So, off the top of my head, maybe a Bulgarian literary movement starts among the elites around the year 1750 that gives them some sense of security in their ethnic identity and causes Paisius of Hillendar's Istoriya Slavyanobolgarskaya (basically the first book in modern Bulgarian; it insited his compatriots to resist the hellenization of the church and is considered by some as the basis for Bulgarian NATIONAL identity rising along with the cultural one) to go mostly unoticed or, if the Patriarch of Constantinople has enough foresight, a timely excommunication (in OTL this excommunication was directed to the guy that was eventually appointed as Excharch of Bulgaria in 1870; by then, it was obviously too late). If this allows for Greek to continue replacing slavonic in church (as it had been doing for quite some decades with Ottoman sponsorship) and become an equivalent to what Latin was to Catholics and also continues to be the one and only avenue to western ideas and science then it might have a chance to become some kind of unifying force. For instance, if literary current takes a anti-Ottoman instead of anti-Greek, and pro-Orthodox (that increasingly looks to the Patriarchate of Constantinople instead of some far away "Russia") instead of pan-slavic (which wasnt really a movement until after 1815) vein it is entirely posible for it to become popular among all other christian Ottoman vassals and spread to their respective languages. If it becomes popular enough to transcend into an itellectual current with some politically relevant ideas around wich all Balkan nation can rally then we would have optimal conditions for a nation state to arise when the Ottomans are pushed back/collapse. With the empire's eroding authority in the Balkans and general decay, this "liberation" could happen at many points during the 19th century (though later PODs would have effects on the countries ability to modernise), but there would be an important precedent for translinguistic unity among them. As I said, the time window is pretty huge, and that's mostly so that the necessary social bases for a multilinguistic nation can be set. But that's just one possibility :)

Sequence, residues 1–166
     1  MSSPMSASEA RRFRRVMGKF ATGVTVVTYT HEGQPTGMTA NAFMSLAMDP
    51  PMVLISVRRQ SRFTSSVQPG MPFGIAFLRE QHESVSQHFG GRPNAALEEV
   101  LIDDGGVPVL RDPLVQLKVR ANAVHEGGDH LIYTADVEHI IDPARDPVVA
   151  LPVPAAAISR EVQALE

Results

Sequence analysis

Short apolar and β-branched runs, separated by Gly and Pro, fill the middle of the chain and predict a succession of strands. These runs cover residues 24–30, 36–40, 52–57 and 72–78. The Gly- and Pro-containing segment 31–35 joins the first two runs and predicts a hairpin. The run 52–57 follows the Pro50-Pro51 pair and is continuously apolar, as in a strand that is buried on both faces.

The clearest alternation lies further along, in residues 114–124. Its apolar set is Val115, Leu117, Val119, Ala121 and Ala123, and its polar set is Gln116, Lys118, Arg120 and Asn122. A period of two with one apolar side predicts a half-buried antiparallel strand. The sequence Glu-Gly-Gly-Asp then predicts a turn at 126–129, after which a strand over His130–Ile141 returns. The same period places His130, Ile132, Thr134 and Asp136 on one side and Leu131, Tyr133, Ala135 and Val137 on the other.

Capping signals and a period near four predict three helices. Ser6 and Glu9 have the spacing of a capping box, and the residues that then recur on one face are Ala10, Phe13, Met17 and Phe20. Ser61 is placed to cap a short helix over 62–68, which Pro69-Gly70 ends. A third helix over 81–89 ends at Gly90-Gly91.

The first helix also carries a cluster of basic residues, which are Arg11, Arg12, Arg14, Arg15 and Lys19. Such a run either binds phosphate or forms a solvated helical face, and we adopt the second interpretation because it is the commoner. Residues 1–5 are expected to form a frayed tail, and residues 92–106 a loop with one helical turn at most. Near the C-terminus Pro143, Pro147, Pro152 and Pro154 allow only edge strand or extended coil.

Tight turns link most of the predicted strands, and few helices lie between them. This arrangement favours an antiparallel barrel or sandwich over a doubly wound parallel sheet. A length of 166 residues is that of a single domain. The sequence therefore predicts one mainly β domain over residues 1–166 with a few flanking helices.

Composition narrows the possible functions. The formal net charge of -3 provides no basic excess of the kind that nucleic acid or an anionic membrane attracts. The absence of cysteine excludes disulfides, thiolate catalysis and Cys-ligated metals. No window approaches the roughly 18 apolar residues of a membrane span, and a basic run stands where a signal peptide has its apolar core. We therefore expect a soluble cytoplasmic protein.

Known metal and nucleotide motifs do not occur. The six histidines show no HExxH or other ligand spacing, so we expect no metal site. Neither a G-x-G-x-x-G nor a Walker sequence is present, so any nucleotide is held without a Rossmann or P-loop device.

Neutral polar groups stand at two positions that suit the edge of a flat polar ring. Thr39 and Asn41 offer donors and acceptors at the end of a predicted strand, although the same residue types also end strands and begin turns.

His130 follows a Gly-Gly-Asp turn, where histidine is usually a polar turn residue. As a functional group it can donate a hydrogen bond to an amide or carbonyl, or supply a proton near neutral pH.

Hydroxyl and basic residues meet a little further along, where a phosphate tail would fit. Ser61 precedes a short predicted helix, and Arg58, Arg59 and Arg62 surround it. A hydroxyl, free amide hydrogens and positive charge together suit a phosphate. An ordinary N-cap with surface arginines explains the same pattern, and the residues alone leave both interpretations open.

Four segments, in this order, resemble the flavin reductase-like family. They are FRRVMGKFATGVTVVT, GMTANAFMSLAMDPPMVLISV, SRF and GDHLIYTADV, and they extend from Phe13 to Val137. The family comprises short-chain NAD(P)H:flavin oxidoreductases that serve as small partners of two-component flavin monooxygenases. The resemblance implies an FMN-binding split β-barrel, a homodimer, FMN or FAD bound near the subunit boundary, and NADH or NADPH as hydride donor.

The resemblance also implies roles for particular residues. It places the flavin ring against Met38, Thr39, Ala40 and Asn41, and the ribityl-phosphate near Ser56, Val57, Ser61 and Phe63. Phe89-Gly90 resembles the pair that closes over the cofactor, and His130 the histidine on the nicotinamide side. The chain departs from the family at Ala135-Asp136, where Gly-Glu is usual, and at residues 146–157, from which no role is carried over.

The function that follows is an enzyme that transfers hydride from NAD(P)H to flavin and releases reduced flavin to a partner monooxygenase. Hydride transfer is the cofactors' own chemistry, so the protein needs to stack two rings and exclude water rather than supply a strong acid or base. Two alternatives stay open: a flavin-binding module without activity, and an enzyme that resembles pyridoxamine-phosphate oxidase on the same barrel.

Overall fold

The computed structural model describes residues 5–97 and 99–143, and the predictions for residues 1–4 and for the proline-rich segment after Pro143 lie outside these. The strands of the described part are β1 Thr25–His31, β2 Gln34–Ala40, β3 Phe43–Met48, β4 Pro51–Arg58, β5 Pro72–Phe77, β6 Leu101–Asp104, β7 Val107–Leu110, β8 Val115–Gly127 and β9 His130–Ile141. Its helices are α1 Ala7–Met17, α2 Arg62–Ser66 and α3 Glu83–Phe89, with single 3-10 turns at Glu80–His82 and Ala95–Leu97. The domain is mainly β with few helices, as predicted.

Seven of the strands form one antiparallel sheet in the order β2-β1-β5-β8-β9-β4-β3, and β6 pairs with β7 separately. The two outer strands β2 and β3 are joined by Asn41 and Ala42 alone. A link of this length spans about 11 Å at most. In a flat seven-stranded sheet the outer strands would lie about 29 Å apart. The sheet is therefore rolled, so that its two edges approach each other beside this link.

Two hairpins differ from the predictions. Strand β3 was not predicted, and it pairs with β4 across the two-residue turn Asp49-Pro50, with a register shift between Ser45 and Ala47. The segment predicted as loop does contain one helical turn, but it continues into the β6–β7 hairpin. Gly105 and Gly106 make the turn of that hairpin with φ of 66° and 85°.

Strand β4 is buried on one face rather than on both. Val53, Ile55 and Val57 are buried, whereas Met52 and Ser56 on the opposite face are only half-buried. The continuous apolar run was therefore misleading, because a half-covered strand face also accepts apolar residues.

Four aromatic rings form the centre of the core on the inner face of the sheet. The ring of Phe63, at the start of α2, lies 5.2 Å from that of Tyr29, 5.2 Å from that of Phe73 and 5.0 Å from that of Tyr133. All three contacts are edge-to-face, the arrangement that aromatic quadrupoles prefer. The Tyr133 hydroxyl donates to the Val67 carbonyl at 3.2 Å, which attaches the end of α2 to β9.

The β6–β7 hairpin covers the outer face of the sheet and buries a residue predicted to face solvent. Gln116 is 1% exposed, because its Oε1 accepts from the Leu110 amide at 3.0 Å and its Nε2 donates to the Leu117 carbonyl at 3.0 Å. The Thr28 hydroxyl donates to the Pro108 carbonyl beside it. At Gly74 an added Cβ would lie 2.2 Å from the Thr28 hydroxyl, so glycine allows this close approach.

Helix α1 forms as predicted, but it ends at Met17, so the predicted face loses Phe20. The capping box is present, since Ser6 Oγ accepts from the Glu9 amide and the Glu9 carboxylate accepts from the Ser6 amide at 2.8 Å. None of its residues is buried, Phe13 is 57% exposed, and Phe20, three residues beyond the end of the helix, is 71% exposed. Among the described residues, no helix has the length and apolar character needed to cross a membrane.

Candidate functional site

I don't know if I can see Greek becoming the "Latin of the East." The advantage of Latin was that it had no country; in the age of nationalism, the Greek language can't help but be identified with the nascent Greek nation. Even if the Patriachate plays its hand more wisely, it may be impossible for Bulgarians and other non-Greeks to accept further Hellenization of the Church as the Greeks - defined mainly by their language - begin to assert their particular identity more forcefully. Wanting Greek to be both a universal liturgical language and a particular national language at the same time seems like a perfect example of wanting to have your cake and eat it too.